— Samuel R. Delany American author, professor and literary critic 1942
Chapter 3 “Avoiding Kangaroos” (p. 113)
— William Morris author, designer, and craftsman 1834 - 1896
Context: Masters, I have to tell a tale of woe, A tale of folly and of wasted life, Hope against hope, the bitter dregs of strife, Ending, where all things end, in death at last. Introductory verse.
„Perhaps the best cure for the fear of death is to reflect that life has a beginning as well as an end. There was a time when we were not: this gives us no concern — why then should it trouble us that a time will come when we shall cease to be?“
— William Hazlitt English writer 1778 - 1830
"On the Fear of Death"
„In a country where the sole employer is the state, [opposition] means death by slow starvation. The old principle: 'who does not work shall not eat,' has been replaced with a new one: 'who does not obey shall not eat.“
— Leon Trotsky Marxist revolutionary from Russia 1879 - 1940
— Hilaire Belloc writer 1870 - 1953
"On the Same" (On a Sundial III) Quoted by Kevin Smith's character in the film Catch and Release (2006)
„We know that hockey is where we live, where we can best meet and overcome pain and wrong and death. Life is just a place where we spend time between games.“
— Fred Shero Former ice hockey player and coach 1925 - 1990
Jackson, Jim, Walking Together Forever: The Broad Street Bullies, Then and Now
„We are born with two incurable diseases, life, from which we die, and hope, which says maybe death isn't the end.“
— Andrew M. Greeley Irish-American Roman Catholic priest, sociologist, journalist and novelist 1928 - 2013
„I call the beginning of death the whole course of life, beginning with our birth, from which point we commence to die, and each moment of every day brings us nearer to our end.“
— Stefano Guazzo Italian writer 1530 - 1593
Della Morte, p. 529. Translation reported in Harbottle's Dictionary of quotations French and Italian (1904), p. 275.
„If we’re completely honest, not sentimental or nostalgic, we have no idea where childhood ends and maturity begins. It is one unending thread, not a life chopped up into sections out of touch with one another.“
— P. L. Travers Australian-British novelist, actress and journalist 1899 - 1996
Context: I never wrote my books especially for children. … When I sat down to write Mary Poppins or any of the other books, I did not know children would read them. I’m sure there must be a field of “children’s literature” — I hear about it so often — but sometimes I wonder if it isn’t a label created by publishers and booksellers who also have the impossible presumption to put on books such notes as “from five to seven” or “from nine to twelve.” How can they know when a book will appeal to such and such an age? If you look at other so-called children’s authors, you’ll see they never wrote directly for children. Though Lewis Carroll dedicated his book to Alice, I feel it was an afterthought once the whole was already committed to paper. Beatrix Potter declared, “I write to please myself!” And I think the same can be said of Milne or Tolkien or Laura Ingalls Wilder. I certainly had no specific child in mind when I wrote Mary Poppins. How could I? If I were writing for the Japanese child who reads it in a land without staircases, how could I have written of a nanny who slides up the banister? If I were writing for the African child who reads the book in Swahili, how could I have written of umbrellas for a child who has never seen or used one? But I suppose if there is something in my books that appeals to children, it is the result of my not having to go back to my childhood; I can, as it were, turn aside and consult it (James Joyce once wrote, “My childhood bends beside me”). If we’re completely honest, not sentimental or nostalgic, we have no idea where childhood ends and maturity begins. It is one unending thread, not a life chopped up into sections out of touch with one another. Once, when Maurice Sendak was being interviewed on television a little after the success of Where the Wild Things Are, he was asked the usual questions: Do you have children? Do you like children? After a pause, he said with simple dignity: “I was a child.” That says it all.<!-- But don’t let me leave you with the impression that I am ungrateful to children. They have stolen much of the world’s treasure and magic in the literature they have appropriated for themselves. Think, for example, of the myths or Grimm’s fairy tales — none of which were written especially for them — this ancestral literature handed down by the folk. And so despite publishers’ labels and my own protestations about not writing especially for them, I am grateful that children have included my books in their treasure trove.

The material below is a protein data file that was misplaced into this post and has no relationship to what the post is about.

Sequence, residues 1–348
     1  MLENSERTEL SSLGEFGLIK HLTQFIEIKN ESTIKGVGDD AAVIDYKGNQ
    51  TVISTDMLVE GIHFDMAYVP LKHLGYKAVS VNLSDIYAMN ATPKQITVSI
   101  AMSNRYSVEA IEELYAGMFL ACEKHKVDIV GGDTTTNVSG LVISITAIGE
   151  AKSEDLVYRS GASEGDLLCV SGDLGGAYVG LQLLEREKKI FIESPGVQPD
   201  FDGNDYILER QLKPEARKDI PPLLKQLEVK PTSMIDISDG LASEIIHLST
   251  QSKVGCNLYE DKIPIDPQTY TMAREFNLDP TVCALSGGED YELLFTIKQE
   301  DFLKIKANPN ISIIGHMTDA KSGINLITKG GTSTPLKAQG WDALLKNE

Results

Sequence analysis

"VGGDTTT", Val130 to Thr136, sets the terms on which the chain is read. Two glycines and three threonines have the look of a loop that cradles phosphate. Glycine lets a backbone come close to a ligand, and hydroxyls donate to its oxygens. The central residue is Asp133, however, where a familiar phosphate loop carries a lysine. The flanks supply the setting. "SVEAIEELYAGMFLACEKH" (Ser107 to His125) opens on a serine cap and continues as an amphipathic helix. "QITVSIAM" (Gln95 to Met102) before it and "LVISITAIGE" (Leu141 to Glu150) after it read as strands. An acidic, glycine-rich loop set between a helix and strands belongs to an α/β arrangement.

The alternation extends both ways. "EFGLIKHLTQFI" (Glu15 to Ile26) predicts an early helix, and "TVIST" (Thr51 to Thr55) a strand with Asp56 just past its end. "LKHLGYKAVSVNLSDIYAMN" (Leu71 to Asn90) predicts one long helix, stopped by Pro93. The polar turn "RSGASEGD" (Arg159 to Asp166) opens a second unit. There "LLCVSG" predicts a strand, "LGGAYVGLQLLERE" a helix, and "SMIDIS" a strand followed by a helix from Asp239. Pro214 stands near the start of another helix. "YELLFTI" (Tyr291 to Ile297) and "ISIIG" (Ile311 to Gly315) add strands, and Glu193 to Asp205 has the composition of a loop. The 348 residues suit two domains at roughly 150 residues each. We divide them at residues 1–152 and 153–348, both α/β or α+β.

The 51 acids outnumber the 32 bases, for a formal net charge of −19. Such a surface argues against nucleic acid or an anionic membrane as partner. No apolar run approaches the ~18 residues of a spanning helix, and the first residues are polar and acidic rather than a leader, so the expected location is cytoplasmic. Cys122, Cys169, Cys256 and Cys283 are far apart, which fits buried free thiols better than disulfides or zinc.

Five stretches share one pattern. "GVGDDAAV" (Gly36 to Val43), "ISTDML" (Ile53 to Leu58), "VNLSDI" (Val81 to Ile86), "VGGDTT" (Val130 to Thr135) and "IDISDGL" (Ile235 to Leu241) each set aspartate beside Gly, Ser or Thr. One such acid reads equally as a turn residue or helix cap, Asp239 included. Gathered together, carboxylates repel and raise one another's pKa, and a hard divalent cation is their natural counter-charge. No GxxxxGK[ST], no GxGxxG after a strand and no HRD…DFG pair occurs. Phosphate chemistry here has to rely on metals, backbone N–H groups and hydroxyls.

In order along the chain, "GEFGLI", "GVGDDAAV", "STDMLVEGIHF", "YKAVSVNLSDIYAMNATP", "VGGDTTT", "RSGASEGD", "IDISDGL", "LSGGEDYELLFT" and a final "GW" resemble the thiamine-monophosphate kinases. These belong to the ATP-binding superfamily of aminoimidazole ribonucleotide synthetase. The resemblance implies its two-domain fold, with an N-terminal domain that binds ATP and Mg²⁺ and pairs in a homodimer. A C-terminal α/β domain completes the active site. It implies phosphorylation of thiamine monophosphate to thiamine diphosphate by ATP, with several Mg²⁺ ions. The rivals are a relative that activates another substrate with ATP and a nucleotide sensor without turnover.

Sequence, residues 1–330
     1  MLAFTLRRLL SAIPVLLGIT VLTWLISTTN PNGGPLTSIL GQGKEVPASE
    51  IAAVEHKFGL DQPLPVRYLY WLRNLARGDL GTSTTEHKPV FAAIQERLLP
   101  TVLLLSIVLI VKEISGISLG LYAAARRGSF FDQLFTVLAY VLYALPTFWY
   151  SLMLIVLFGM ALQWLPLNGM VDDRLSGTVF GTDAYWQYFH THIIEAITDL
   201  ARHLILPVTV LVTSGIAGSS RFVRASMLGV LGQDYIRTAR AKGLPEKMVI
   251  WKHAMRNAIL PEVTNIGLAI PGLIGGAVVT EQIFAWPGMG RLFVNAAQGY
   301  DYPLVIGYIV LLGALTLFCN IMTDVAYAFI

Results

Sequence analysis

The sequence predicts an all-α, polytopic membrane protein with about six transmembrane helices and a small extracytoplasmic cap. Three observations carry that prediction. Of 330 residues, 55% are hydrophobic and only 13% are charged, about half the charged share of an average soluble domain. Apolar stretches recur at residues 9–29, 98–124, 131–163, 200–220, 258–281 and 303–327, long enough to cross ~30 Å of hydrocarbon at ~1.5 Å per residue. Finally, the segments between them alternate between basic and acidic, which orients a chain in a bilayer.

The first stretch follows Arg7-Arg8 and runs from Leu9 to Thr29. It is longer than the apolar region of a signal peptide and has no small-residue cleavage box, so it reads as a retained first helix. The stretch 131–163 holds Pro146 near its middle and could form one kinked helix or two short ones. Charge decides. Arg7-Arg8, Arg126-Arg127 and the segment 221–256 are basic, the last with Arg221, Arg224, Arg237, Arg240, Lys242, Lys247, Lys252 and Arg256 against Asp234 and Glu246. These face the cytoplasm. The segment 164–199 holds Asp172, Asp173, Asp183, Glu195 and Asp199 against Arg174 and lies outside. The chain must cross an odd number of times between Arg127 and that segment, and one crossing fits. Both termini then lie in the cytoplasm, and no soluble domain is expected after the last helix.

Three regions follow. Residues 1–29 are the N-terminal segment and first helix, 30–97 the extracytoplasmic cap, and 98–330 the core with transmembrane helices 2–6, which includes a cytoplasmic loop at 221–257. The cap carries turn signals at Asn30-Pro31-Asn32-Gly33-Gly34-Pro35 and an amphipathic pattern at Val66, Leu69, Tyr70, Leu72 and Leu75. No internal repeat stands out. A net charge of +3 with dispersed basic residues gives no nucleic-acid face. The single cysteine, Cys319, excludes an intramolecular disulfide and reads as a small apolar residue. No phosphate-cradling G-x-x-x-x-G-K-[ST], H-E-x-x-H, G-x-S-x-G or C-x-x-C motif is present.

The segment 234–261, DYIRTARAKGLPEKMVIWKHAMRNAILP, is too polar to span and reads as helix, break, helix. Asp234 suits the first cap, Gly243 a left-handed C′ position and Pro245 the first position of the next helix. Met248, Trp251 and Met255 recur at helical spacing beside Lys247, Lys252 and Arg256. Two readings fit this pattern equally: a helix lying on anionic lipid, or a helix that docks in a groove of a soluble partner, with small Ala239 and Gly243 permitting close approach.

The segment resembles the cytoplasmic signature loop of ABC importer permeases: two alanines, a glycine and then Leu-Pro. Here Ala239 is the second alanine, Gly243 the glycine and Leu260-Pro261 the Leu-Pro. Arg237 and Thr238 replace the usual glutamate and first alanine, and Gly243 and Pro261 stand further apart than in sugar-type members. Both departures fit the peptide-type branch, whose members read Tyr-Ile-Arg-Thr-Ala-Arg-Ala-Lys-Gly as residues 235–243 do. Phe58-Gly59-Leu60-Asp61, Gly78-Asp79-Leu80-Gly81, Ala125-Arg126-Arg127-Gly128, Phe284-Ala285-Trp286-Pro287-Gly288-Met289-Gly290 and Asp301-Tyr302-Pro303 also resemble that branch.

„We’ll build a world where Order shall prevail. A few more deaths are inconsequential, surely, if they guarantee us eternal life and absolute fulfillment?“
— Michael Moorcock English writer, editor, critic 1939
Chapter 14 (p. 376)
„That was indeed to live—
At one bold swoop to wrest
From darkling death the best
That Death to Life can give!“
— Thomas Bailey Aldrich American poet, novelist, editor 1836 - 1907
Shaw. Memorial Ode; reported in Bartlett's Familiar Quotations, 10th ed. (1919).
„Under the pressure of a war to the death, all that was best, all that was most human and gentle on each side was crushed out by military necessity. On the one side, the passion for a unified world, where every individual should live a free and full life in service of the world community, was overcome by the passion to punish spies, traitors, and heretics. On the other, vague and sadly misguided yearnings for a nobler, less materialistic life were cleverly transformed by the reactionary leaders into vindictiveness against the revolutionaries.“
— Olaf Stapledon British novelist and philosopher 1886 - 1950
Chapter V: Worlds Innumerable; 3. Nautiloids (p. 69)